[43] H. J. C. Berendsen, D. van der Spoel, and R. van Drunen, "GROMACS: a message-passing parallel molecular dynamics implementation," Computer Physics Communications, vol. 91, no. 1-3, pp. 43-56, 1995.

[44] A. W. Schuttelkopf and D. M. F. van Aalten, "PRODRG: a tool for high-throughput crystallography of protein-ligand complexes," Acta Crystallographica, Section D: Biological Crystallography, vol. 60, no. 8, pp. 1355-1363, 2004.

[45] H. J. C. Berendsen, J. R. Grigera, and T. P Straatsma, "The missing term in effective pair potentials," Journal of Physical Chemistry, vol. 91, no. 24, pp. 6269-6271, 1987

[46] U. Essmann, L. Perera, M. L. Berkowitz, T. Darden, H. Lee, and L. G. Pedersen, "A smooth particle mesh Ewald method," The Journal of Chemical Physics, vol. 103, no. 19, pp. 8577-8593, 1995.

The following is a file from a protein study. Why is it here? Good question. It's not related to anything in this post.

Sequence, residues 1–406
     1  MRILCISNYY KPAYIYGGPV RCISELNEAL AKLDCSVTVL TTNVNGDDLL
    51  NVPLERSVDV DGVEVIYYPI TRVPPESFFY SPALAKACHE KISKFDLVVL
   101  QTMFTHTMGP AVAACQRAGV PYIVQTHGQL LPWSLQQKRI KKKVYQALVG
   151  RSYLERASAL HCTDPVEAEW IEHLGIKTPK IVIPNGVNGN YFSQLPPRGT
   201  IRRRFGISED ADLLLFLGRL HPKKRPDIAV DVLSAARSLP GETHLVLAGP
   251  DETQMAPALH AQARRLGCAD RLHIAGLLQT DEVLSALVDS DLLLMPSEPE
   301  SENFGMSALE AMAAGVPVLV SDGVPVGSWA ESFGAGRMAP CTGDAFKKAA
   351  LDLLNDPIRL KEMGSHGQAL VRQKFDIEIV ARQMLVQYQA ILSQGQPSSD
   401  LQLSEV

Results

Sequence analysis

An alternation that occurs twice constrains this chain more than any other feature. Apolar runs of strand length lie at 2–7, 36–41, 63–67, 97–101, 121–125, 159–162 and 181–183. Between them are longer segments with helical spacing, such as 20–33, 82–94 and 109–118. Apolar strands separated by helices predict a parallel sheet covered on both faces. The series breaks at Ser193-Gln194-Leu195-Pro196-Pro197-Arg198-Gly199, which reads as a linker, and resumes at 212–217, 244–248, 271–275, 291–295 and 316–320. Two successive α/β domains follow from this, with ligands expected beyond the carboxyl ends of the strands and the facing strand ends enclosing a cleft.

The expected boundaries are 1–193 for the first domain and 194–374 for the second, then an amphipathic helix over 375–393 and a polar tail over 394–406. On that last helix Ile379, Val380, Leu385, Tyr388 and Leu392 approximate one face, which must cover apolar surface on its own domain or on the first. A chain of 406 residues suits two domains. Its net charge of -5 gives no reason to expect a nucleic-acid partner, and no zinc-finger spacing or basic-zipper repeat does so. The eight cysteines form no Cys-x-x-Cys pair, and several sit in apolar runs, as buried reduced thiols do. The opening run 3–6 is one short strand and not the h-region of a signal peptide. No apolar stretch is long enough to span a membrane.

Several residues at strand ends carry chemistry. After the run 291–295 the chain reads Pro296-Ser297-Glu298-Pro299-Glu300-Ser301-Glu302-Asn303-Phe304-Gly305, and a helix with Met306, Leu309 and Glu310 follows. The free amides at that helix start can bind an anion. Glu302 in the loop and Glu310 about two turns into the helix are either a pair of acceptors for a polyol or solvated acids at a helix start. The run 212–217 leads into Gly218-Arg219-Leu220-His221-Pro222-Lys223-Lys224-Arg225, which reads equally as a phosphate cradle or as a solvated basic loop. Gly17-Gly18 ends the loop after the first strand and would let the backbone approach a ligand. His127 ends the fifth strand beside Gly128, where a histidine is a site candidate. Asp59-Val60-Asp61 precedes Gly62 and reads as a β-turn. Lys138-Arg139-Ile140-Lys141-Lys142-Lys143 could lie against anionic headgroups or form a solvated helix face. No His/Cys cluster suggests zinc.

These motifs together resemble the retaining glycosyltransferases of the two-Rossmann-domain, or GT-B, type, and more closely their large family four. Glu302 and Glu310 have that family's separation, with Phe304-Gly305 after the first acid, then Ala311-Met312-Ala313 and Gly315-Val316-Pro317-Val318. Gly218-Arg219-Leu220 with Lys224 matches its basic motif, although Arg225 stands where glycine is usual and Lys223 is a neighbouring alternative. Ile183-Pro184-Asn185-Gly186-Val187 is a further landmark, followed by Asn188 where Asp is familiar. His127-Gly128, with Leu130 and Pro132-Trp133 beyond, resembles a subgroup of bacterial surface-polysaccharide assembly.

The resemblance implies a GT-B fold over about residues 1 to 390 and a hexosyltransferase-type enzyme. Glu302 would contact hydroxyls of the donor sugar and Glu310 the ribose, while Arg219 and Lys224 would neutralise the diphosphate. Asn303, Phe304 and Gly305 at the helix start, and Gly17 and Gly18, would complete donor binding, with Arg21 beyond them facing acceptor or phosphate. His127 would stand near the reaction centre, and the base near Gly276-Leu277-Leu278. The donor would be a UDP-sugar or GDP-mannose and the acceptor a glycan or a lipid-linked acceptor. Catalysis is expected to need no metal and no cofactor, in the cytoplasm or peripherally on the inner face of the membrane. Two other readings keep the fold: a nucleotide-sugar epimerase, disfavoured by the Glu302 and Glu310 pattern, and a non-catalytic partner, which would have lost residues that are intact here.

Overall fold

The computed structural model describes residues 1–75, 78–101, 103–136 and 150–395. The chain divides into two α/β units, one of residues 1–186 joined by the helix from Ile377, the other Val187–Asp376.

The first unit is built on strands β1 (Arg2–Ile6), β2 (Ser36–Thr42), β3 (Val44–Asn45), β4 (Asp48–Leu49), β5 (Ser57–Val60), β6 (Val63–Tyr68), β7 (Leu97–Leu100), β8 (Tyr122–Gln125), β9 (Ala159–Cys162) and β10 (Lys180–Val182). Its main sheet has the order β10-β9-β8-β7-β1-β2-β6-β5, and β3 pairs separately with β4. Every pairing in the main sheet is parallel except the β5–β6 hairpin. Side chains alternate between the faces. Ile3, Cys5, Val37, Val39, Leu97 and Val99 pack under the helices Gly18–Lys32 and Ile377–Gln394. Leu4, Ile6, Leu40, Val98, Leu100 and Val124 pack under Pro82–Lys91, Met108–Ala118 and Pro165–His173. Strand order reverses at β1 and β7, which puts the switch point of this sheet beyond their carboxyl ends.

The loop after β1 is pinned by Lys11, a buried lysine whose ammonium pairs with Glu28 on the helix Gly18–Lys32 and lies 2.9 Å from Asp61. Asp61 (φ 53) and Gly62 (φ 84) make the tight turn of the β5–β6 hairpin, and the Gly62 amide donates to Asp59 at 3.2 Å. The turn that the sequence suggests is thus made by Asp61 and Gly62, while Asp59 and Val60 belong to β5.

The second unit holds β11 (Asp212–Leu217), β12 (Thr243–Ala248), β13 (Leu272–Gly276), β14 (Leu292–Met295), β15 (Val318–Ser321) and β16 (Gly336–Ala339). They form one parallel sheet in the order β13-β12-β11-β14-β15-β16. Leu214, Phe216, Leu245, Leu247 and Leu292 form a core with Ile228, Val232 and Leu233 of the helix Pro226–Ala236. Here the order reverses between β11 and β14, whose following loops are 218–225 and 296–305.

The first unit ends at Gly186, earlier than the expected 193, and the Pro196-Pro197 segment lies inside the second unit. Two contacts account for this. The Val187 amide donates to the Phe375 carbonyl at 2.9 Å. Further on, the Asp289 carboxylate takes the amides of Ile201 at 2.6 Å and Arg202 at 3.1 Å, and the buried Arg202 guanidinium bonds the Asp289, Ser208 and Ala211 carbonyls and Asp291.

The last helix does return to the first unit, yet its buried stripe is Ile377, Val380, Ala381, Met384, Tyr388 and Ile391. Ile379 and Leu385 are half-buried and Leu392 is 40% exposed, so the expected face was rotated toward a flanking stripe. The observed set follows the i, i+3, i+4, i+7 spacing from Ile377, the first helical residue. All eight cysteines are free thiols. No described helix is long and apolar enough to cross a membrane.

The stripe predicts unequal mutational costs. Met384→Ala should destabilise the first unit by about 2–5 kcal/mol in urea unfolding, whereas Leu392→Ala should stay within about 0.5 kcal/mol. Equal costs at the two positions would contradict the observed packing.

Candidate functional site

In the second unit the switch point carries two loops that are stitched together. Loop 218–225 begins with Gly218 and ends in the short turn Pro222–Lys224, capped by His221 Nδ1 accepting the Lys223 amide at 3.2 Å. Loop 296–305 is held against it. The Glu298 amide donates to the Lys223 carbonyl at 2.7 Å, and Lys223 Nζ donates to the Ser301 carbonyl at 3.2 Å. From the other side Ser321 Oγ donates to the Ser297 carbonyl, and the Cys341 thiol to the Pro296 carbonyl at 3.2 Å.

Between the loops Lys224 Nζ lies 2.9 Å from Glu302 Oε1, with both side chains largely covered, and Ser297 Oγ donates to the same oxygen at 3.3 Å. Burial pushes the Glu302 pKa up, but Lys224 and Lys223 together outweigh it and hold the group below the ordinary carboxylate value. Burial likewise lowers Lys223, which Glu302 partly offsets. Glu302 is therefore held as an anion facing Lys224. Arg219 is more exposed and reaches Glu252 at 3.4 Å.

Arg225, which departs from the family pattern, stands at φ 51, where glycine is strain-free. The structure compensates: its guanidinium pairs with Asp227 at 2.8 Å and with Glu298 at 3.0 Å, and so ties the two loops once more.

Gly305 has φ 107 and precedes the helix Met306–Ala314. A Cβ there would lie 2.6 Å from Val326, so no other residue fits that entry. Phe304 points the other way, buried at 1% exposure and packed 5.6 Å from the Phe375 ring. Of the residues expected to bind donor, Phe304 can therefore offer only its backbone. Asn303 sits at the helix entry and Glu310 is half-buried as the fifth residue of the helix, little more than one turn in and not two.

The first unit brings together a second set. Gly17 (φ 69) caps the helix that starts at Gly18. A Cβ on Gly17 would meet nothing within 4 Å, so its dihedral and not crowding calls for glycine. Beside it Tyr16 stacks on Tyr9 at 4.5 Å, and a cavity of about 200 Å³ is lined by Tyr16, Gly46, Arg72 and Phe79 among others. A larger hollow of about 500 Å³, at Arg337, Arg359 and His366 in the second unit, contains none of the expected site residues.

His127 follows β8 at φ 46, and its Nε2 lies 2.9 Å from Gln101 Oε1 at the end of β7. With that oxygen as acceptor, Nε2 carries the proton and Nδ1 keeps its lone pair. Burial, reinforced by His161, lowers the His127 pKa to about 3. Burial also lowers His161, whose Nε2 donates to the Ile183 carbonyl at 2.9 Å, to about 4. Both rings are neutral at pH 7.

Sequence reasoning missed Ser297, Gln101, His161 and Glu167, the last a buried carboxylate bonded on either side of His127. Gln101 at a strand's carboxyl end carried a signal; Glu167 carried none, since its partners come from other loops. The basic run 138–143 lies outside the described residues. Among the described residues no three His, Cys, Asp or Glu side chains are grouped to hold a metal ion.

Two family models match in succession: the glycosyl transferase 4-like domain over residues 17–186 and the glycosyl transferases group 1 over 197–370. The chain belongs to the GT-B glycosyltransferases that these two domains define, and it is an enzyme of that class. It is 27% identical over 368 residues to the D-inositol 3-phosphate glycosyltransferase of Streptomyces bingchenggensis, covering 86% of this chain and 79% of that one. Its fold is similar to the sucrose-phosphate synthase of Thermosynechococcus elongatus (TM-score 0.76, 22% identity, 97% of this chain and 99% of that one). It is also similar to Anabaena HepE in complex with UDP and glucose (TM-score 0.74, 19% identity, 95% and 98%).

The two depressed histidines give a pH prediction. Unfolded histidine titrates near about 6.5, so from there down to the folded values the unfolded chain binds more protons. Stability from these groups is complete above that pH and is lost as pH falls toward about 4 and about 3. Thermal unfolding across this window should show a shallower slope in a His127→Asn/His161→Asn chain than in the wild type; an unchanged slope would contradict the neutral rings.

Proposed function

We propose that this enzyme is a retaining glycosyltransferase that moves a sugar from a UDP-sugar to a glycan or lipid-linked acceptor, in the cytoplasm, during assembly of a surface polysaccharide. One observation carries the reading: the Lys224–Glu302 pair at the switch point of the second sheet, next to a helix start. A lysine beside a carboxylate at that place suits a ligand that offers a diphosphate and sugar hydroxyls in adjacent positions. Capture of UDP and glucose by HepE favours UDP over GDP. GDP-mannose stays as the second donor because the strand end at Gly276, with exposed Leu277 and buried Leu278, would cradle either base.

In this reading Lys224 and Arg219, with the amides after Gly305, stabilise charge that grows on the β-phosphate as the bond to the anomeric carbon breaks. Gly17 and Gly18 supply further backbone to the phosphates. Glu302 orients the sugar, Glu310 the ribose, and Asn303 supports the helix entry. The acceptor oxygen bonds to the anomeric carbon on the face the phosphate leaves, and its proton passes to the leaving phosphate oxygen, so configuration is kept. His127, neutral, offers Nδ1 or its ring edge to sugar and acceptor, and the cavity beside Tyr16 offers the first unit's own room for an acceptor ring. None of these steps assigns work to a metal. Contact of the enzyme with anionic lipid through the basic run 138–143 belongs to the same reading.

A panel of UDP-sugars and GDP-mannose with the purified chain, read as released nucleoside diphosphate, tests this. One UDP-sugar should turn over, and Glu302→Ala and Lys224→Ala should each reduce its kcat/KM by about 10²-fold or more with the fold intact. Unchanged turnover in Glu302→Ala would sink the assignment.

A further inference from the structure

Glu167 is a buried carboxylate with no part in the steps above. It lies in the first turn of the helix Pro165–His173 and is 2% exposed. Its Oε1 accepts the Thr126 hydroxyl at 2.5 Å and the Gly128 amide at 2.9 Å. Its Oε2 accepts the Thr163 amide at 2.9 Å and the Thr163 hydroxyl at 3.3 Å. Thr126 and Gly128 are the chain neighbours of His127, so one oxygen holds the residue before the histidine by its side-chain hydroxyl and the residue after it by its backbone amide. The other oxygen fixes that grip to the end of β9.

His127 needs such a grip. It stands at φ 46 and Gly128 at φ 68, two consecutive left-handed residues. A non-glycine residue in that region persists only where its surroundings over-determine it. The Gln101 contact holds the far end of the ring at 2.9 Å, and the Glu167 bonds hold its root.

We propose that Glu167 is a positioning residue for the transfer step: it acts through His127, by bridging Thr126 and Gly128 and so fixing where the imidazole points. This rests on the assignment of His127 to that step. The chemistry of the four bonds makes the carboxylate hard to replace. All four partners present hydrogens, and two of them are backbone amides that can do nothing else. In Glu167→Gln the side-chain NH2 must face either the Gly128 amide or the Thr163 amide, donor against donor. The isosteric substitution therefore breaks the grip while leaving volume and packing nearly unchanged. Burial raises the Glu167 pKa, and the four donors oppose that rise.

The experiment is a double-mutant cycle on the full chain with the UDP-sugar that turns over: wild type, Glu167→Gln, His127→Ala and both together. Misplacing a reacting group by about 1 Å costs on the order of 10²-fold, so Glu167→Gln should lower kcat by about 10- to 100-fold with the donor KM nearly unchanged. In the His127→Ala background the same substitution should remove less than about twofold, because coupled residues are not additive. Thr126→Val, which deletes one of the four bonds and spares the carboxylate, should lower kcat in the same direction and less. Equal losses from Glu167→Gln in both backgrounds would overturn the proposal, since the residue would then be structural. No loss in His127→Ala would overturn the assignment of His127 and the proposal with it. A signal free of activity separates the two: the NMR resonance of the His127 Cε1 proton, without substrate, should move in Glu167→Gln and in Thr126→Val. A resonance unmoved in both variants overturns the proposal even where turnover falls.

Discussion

[47] H. J. C. Berendsen, J. P. M. Postma, W. F. Van Gunsteren, A. Dinola, and J. R. Haak, "Molecular dynamics with coupling to an external bath," The Journal of Chemical Physics, vol. 81, no. 8, pp. 3684-3690, 1984.

[48] B. Hess, "P-LINCS: a parallel linear constraint solver for molecular simulation," Journal of Chemical Theory and Computation, vol. 4, no. 1, pp. 116-122, 2008.

[49] R. A. Laskowski and M. B. Swindells, "LigPlot+: multiple ligand-protein interaction diagrams for drug discovery," Journal of Chemical Information and Modeling, vol. 51, no. 10, pp. 2778-2786, 2011.

[50] M. A. Romanos, C. A. Scorer, and J. J. Clare, "Foreign gene expression in yeast: a review," Yeast, vol. 8, no. 6, pp. 423-488, 1992.

[51] R. Conde, R. Cueva, G. Pablo, J. Polaina, and G. Larriba, "A search for hyperglycosylation signals in yeast glycoproteins," Journal of Biological Chemistry, vol. 279, no. 42, pp. 43789-43798, 2004.